Digital artists dig new degrees – The Sunflower
Wichita State will offer degrees in video game design, audio production, animation, and filmmaking.
Wichita State has partnered with local entrepreneurs and industry professionals to provide students with a place to pursue video game design, audio production, animation, and filmmaking.
During a tour through the sprawling new 35,000 square foot facility, located in South Wichita on Harry and Oliver, Education Outreach Director Justin Rorabaugh shared visions for the future.
“What I’m looking for is to turn this facility into a center of activity,” he said.
An empty corner of a room has become a future meeting space where students and professionals can interact.
“It will be an era of the commons, where, for example, the Tallgrass Film Association or other professionals can interact and meet students,” Rorabaugh said.
The cabins embedded in glass walls have become incubators for new ideas.
“It will be a creative collision space,” Rorabaugh said. “Imagine this with chalkboard paint on the walls.”
The new applied arts program will provide students with the opportunity to work and learn alongside industry professionals, while preparing for their degree.
The Kansas Board of Regents approved plans for the four new degree programs on June 14, leaving just two months to prepare for the start of classes.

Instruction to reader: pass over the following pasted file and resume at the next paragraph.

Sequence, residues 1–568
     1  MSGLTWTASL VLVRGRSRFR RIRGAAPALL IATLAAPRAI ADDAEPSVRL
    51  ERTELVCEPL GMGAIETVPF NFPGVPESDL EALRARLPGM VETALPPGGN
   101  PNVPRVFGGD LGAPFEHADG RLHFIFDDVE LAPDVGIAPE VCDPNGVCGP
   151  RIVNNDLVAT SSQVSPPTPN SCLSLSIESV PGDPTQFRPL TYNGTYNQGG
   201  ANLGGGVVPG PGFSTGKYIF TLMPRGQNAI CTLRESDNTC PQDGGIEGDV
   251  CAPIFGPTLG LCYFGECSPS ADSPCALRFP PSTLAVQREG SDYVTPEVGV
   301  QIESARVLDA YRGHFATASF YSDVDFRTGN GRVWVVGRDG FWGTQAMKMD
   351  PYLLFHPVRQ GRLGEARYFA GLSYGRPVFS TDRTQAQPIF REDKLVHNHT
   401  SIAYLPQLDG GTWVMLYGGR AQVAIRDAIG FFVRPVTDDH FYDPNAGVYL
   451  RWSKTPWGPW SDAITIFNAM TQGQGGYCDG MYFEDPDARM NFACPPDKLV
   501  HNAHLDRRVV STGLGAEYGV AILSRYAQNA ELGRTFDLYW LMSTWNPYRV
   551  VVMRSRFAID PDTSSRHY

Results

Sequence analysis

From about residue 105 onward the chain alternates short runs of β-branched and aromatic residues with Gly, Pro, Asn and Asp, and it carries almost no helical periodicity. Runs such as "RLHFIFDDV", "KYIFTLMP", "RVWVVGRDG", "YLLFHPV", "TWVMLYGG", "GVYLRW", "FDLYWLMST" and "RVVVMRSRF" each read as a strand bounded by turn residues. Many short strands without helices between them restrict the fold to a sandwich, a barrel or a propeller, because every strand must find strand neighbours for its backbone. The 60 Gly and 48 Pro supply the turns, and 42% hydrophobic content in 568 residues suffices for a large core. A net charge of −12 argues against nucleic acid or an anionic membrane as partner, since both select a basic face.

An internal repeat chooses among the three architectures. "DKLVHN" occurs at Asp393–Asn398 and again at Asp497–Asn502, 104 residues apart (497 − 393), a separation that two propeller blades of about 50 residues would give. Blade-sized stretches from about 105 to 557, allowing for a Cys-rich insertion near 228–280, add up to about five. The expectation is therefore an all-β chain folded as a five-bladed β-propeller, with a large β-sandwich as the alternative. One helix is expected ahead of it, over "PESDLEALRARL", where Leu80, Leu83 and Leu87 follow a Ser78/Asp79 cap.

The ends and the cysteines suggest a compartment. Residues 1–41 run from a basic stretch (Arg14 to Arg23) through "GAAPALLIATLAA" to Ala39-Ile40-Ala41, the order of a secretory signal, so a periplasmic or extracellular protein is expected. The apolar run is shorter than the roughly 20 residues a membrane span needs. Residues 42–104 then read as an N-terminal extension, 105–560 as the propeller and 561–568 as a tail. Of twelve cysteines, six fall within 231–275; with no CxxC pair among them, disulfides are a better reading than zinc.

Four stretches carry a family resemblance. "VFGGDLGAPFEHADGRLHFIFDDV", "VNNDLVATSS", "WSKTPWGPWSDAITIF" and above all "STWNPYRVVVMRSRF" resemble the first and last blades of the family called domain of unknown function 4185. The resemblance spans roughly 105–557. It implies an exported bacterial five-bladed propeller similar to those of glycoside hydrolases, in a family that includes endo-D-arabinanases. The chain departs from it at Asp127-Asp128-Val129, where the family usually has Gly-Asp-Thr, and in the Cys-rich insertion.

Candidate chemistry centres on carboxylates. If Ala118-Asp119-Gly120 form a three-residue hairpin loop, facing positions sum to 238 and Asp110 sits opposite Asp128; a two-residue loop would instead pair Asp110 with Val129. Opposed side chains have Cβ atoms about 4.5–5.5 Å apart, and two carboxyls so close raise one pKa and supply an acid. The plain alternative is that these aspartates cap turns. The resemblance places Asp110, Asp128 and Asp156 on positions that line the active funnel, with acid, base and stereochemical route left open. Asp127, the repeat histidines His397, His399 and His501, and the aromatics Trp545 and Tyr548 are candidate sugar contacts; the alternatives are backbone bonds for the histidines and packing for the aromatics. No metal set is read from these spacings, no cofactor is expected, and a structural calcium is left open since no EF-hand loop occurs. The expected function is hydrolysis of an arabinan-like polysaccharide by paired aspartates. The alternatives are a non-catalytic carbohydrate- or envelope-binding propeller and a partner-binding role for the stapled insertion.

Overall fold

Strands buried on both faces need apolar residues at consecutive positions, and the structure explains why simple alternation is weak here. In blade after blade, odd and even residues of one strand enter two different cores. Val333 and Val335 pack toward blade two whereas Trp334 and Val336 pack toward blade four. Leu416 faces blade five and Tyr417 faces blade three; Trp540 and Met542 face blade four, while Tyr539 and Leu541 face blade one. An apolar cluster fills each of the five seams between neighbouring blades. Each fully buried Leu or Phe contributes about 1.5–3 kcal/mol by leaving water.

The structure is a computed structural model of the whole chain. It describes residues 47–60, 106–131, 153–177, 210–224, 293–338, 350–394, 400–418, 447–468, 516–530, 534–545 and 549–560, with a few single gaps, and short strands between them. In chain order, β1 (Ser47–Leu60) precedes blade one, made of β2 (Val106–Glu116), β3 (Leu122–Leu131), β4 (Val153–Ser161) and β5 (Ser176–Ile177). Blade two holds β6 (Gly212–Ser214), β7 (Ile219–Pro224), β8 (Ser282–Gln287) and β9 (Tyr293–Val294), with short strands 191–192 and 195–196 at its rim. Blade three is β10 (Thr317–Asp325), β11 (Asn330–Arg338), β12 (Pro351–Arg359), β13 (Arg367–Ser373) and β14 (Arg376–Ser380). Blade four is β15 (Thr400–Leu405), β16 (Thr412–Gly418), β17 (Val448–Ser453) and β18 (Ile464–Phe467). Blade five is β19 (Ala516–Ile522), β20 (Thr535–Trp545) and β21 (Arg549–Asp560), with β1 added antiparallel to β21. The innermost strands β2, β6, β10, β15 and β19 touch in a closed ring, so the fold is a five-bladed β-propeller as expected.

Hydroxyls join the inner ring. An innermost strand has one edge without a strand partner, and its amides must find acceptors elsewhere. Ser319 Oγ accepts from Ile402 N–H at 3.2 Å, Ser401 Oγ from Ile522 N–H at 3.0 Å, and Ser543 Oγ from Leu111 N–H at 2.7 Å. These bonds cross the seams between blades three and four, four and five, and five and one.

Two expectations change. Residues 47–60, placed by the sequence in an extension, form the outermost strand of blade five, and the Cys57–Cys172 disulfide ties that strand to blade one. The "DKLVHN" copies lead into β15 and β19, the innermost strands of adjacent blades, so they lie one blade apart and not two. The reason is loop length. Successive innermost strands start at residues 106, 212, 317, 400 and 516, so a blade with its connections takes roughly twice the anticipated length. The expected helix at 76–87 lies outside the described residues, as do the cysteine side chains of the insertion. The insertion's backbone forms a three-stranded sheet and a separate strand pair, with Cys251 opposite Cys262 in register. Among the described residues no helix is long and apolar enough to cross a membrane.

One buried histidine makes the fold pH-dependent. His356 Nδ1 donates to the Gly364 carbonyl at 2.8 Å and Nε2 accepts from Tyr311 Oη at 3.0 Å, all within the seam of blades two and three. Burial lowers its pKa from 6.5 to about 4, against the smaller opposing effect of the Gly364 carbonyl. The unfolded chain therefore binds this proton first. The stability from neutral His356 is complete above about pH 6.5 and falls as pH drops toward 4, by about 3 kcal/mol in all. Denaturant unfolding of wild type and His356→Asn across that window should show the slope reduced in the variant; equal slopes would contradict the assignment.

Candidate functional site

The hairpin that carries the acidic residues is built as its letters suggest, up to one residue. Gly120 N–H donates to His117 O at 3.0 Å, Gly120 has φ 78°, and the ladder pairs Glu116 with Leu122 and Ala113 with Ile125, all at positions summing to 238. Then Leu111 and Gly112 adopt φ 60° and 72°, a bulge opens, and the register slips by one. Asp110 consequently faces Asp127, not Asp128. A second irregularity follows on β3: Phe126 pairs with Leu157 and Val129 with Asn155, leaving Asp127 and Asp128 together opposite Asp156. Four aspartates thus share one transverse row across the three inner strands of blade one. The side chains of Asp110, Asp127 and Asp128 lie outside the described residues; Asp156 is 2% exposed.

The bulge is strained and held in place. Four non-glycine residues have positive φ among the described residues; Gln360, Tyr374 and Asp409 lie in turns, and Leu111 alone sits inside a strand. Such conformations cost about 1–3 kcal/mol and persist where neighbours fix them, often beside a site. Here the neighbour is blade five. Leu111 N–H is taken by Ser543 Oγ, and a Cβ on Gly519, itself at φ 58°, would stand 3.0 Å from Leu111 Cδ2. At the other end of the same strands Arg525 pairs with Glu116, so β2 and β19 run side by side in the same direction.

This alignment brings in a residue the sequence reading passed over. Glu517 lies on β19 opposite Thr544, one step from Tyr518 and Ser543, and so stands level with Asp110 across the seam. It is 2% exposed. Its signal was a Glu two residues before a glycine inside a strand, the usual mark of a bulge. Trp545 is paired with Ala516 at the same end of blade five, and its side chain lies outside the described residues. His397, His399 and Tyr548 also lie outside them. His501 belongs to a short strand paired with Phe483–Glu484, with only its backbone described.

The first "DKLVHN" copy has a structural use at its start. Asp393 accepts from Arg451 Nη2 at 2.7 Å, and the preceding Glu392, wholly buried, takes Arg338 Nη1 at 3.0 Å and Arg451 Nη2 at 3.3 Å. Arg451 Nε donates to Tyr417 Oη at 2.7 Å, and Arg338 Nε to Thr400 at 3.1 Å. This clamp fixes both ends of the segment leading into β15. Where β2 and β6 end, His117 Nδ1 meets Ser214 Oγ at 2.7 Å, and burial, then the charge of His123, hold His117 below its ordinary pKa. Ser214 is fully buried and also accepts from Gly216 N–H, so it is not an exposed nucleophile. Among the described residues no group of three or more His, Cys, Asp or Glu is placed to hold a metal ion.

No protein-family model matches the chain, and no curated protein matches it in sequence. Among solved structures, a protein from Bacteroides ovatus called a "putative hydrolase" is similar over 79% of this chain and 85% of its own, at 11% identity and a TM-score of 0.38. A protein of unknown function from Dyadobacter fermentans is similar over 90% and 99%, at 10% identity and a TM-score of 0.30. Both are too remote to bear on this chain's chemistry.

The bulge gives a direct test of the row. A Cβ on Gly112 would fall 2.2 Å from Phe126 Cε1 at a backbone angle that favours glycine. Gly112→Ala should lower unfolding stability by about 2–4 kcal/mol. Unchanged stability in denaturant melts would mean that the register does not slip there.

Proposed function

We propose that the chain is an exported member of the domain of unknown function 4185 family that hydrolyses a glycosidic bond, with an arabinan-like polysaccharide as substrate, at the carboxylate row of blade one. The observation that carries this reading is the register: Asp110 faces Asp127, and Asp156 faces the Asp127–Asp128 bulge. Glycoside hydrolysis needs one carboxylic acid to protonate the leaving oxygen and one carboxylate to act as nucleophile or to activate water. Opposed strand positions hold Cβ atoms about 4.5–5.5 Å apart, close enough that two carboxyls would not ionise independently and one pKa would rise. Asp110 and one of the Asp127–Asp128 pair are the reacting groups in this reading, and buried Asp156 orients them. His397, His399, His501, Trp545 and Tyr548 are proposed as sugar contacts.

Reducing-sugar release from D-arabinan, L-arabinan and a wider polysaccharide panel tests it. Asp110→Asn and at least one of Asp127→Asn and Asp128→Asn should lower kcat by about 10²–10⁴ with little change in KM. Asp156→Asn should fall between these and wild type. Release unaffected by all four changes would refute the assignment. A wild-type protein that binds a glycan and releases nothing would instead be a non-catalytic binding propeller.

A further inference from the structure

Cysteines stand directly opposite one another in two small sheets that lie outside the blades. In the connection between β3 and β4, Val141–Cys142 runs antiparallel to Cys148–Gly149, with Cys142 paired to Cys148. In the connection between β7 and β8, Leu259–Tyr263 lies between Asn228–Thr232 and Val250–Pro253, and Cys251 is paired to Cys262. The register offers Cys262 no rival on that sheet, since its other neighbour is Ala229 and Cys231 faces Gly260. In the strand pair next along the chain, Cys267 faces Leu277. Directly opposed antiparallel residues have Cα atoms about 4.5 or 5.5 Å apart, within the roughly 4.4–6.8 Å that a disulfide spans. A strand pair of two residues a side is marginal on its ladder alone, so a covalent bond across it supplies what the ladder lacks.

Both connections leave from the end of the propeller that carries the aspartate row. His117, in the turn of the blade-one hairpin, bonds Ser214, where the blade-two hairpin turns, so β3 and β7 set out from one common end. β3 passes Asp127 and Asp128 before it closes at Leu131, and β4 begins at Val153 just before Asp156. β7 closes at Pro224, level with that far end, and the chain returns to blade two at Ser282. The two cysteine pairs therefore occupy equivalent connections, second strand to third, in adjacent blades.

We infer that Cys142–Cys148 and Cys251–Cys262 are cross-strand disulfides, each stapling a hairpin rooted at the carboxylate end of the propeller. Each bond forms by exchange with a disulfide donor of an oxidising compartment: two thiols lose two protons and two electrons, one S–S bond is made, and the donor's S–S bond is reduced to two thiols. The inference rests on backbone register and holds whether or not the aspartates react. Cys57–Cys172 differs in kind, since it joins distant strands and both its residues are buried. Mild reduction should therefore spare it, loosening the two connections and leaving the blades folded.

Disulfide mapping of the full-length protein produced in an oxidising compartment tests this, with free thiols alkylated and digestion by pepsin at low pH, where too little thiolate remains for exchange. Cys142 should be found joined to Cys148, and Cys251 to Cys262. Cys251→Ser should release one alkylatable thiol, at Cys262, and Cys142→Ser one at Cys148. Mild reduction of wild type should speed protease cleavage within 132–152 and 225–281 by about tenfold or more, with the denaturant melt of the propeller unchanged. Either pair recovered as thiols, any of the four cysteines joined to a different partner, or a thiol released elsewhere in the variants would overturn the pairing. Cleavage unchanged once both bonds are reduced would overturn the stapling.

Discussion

“The biggest difficulties were time-related because it happened so quickly,” Rorabaugh said. “It just takes time.”
In an age of commons furnished with paint-splattered chairs and pop art, a handful of students who work with the program have shared their enthusiasm.
“I really like the creativity, the artwork and the program,” said Edgar Costia, a junior majoring in theater technology. “I think it will be really exciting for students to have this new program available.”
Although the study program has only been approved for two months, 41 students are already registered.
Michaela Marioni, a student enrolled in video game design, expressed her enthusiasm for the new program.
“Video game design is something I’ve always wanted to do,” she said. “All the awesome equipment they have is going to add a lot to the program and help the students to venture out. I think it’s going to be really exciting.
The program is expected to cost the University $450,900 over the first three years, with the money coming from an internal reassignment from the Provost’s Office and the Senior Vice President for Academic Affairs. Additional costs will be covered by an annual program fee.
Rorabaugh expects enrollment to reach 150 students over the next two years.